Inspire child's creativity

How to inspire every child’s creativity

Pablo Picasso once said, “All children are artists. The problem is how to remain an artist once you grow up.”

Picasso’s thoughts about children’s creativity ring true.

Your own childhood would have been filled with hours of drawing, painting and masterpiece-making.

As a parent, you know kids today are much the same. Simply place art materials in front of your kids and it won’t be long before they’re busy creating.

And whether they’re putting pen to paper, creating collages or shaping clay, children are doing far more than improving their motor skills.

They’re learning to express their feelings, solve problems and explore new ideas. More importantly, they’re learning the value of the process of creation.

Kids know the greatest joy of art is in its making.

The trick is getting them to embrace their creativity on a regular basis, instead of turning to the TV or iPad for entertainment.

Fortunately, nurturing your child’s creativity may be as simple as keeping art and craft supplies at the ready.

Kids benefit from having creative tools available

Kids benefit from having creative tools available


How to set up a space that’s creatively irresistible

“There are a number of things I find effective in encouraging kids’ creativity,” says Roslyn Erskine, learning skills adviser at Monash University and mother of two.

“Most importantly the space needs to be clear and organised.”

Erskine says a simple box, or even a fabric wall hanging with pockets devoted to each type of writing material is a quick and easy system.

“Whatever it is, it needs to be visible and organised,” Erskine says. “If it’s not, they don’t use it. They need to see the range of options.”

Mother of two and Little Worlds owner Ann Maes agrees. “When organising a creative area that inspires children to engage in self-directed play, there is only one thing you need to remember: keep it simple.

“Through simple invitations to play and create with everyday materials, you'll grab children's attention and focus while giving them the freedom to explore and experiment.”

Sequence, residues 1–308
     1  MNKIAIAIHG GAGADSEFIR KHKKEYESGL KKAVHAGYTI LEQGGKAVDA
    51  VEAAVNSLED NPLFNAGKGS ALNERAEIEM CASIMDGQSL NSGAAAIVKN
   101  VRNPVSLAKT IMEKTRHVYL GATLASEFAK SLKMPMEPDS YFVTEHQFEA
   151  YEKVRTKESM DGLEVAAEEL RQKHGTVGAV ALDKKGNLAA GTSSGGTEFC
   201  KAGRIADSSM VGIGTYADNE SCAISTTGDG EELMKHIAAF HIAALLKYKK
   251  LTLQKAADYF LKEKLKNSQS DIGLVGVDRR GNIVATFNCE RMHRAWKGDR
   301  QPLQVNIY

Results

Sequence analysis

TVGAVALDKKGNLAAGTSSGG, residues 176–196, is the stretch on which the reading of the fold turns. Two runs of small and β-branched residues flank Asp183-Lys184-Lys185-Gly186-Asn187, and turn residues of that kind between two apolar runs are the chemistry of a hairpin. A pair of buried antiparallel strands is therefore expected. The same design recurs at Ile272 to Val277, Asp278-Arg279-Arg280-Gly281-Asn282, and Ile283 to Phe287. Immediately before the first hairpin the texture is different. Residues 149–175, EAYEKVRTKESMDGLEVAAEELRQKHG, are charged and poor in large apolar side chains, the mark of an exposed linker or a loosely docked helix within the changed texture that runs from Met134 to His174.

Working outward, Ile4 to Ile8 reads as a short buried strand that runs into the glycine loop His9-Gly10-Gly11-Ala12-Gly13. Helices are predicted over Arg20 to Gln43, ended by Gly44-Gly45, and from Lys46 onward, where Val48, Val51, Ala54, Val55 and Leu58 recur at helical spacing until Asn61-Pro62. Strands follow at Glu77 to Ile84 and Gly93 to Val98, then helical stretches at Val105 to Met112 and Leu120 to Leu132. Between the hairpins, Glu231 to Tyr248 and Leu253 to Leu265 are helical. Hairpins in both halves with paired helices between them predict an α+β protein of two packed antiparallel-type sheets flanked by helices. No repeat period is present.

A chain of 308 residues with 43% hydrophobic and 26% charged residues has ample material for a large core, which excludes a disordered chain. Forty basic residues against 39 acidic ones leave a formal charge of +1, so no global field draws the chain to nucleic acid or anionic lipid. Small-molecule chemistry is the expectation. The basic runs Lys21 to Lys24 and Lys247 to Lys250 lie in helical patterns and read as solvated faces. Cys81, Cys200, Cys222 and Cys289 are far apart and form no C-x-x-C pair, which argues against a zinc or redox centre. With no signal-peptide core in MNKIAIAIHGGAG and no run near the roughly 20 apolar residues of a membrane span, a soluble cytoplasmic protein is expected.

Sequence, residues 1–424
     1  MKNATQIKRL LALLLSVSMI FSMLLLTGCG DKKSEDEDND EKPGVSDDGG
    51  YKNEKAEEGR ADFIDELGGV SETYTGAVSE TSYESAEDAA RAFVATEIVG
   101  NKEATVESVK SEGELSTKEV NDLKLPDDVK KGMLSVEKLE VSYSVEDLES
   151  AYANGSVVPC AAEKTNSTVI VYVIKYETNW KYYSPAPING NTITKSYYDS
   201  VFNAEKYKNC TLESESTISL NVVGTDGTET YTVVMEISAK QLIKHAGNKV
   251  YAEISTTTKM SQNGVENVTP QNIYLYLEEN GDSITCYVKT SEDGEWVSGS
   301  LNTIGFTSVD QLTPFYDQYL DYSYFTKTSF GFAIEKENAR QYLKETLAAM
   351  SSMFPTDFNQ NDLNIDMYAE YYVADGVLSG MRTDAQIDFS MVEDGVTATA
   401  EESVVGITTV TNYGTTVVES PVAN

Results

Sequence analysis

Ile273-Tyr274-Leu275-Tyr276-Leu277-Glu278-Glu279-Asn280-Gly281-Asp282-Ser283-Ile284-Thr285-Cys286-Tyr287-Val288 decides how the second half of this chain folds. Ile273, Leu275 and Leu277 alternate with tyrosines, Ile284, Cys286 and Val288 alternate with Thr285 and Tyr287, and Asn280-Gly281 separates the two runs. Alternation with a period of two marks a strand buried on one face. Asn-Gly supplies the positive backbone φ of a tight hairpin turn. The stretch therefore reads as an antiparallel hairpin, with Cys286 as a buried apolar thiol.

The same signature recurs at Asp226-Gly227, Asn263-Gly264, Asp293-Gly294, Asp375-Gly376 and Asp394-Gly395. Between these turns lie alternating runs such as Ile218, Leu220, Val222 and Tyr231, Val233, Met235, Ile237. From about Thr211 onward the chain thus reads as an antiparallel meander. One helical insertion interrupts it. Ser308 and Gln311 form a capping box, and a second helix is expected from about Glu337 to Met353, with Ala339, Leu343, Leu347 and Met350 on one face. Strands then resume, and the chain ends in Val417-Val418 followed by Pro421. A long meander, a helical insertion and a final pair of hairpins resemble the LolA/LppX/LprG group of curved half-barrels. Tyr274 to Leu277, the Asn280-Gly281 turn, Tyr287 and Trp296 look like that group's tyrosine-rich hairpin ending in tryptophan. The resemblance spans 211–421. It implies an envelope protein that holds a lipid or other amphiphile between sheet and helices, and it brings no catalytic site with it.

The essentials

  • A kid-sized table: Easy to reach tools are key. If you don’t have a small table, try an easel and paper or a chalk board.
  • A stack of plain white paper: A blank page can be anything – the sky’s far from the limit when you’re drawing starships and space aliens! Have reams of recycled paper on hand so that your children can exercise their creative energies day after day. Enabling self-directed creative time is important for development.

    Enabling self-directed creative time is important for development.

  • Markers in a single area: Markers and pencils should be to be neat and accessible to appear inviting. Try separating them into types or colours using jars, bottles or fabric pockets.
  • A craft drawer: In a single place, keep safety scissors, stamps, tape and other craft supplies.
  • A storage or ‘inventor’s’ box: Under the table, use a storage box for larger art materials, such as recylable cardboard and plastic, and natural materials, such as seed pods and bark. According to Ann Maes, the appeal of the inventor’s box lies in combining recyclables with craft supplies for maximum creative fun.

Lastly, adapt these essentials to your children’s needs and developmental stage; as they grow up, so can their palette of tools and materials.

And don’t forget to clear some space on the fridge! Who needs a Picasso? Your family’s art gallery will be second-to-none.